This line has been repeated ad nauseam by abortion advocates and their allies in the media, but it doesn’t apply at all in this case because, again, the law in question makes an exception to save the life of the mother. To put it bluntly, any failure to act in such a situation would rest on the doctors who failed to understand the full implications of a law that so closely impacted their profession.
Keilar’s final questions consisted of getting Bernard’s opinion on the recent Kansas abortion vote and if the Biden administration could be doing more to preserve access to abortion, which she answered by parroting the new favorite abortion defense on the left, claiming, “You know, again, I think people are beginning to realize that — you know, the Supreme Court took away a fundamental right. Not just the right to abortion, but the right to make private medical decisions.”
Or the Court decided that the taking of an unborn child's life cannot be explained away as a "private medical decision" instead of abolishing the category outright?
When a pro-life bill imposes a total ban on abortion, the pro-abortion crowd laments the cruelty of leaving out exceptions for rare and traumatic circumstances. But when a pro-life bill carves out exceptions for rape, incest, and the life of the mother, it suddenly becomes a question of medical privacy. And the liberal media will eagerly promote both angles whenever they get the opportunity.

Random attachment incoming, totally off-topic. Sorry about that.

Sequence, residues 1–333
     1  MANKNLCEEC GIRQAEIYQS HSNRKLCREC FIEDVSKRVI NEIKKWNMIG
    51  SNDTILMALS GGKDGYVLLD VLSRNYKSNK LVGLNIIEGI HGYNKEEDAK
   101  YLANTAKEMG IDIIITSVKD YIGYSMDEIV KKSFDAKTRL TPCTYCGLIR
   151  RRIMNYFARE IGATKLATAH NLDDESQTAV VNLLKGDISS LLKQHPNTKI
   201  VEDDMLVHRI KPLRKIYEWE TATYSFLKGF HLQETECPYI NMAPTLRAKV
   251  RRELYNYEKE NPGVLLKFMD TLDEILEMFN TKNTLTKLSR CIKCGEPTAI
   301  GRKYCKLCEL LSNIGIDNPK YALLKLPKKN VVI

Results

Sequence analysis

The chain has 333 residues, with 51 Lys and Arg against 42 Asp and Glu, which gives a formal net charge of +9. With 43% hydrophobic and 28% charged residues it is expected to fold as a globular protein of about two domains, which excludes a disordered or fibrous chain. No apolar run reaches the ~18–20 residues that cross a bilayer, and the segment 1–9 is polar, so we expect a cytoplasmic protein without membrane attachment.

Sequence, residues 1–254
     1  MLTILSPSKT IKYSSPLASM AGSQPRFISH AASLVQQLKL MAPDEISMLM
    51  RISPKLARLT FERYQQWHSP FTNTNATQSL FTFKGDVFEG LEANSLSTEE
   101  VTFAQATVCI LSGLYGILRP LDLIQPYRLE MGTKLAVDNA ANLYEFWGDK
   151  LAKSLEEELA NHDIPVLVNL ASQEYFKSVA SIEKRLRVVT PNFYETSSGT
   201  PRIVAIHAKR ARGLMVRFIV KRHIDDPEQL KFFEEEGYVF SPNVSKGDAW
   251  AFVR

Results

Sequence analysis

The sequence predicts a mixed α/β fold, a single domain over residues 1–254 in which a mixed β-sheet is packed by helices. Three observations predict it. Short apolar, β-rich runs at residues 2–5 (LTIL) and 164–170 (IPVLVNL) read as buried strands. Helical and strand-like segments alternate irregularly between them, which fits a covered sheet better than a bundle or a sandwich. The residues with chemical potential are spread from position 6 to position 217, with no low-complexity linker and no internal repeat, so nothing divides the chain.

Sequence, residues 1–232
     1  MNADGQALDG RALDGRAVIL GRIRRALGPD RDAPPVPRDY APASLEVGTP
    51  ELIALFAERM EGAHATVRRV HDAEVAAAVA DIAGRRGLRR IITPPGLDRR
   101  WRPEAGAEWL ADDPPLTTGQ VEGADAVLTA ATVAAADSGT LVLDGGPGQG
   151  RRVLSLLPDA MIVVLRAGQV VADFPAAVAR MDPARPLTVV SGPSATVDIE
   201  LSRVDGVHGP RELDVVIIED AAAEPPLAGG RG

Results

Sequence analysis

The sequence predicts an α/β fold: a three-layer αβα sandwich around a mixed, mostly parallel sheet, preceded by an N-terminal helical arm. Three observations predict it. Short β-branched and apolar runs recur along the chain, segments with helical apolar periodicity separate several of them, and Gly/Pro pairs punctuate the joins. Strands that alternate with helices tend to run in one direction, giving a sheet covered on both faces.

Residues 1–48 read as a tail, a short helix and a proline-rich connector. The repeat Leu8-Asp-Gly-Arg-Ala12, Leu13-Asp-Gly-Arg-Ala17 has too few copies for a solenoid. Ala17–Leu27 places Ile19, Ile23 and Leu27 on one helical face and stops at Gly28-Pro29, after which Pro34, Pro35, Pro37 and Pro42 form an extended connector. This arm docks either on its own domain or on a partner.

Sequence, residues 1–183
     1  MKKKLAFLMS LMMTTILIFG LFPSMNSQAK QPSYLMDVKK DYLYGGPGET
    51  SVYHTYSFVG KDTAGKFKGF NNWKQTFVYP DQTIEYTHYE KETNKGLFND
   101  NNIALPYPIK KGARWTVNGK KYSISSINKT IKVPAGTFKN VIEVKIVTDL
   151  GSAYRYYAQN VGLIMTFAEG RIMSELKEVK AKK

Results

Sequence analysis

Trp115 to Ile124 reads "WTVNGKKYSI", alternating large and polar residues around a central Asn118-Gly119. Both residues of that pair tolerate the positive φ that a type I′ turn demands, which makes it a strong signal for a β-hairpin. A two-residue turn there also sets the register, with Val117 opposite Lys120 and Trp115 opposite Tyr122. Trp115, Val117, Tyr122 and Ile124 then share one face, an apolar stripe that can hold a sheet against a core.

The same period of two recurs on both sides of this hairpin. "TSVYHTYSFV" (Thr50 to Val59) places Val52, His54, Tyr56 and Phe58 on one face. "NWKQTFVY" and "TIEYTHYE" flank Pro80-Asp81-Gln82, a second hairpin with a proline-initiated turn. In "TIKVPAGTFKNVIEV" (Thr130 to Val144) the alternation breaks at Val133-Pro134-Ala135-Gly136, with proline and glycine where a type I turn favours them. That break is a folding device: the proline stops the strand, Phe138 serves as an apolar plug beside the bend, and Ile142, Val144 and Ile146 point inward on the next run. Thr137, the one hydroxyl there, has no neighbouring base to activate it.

This pro-abortion propaganda was made possible by Liberty Mutual and 4imprint. Their contact information is linked.
Click “Expand” to see the relevant transcript.
CNN’s New Day
7:47:52 AM ET
BRIANNA KEILAR: A bill that would ban abortion at all stages of pregnancy, with exceptions, is one step closer to law in Indiana. The version that passed in the Senate provides exceptions for rape, incest, and for when the life of the pregnant person is at risk. As of now, the House bill maintained those exceptions. A final House vote is expected to happen today before the bill goes back to the Senate to approve or deny any changes.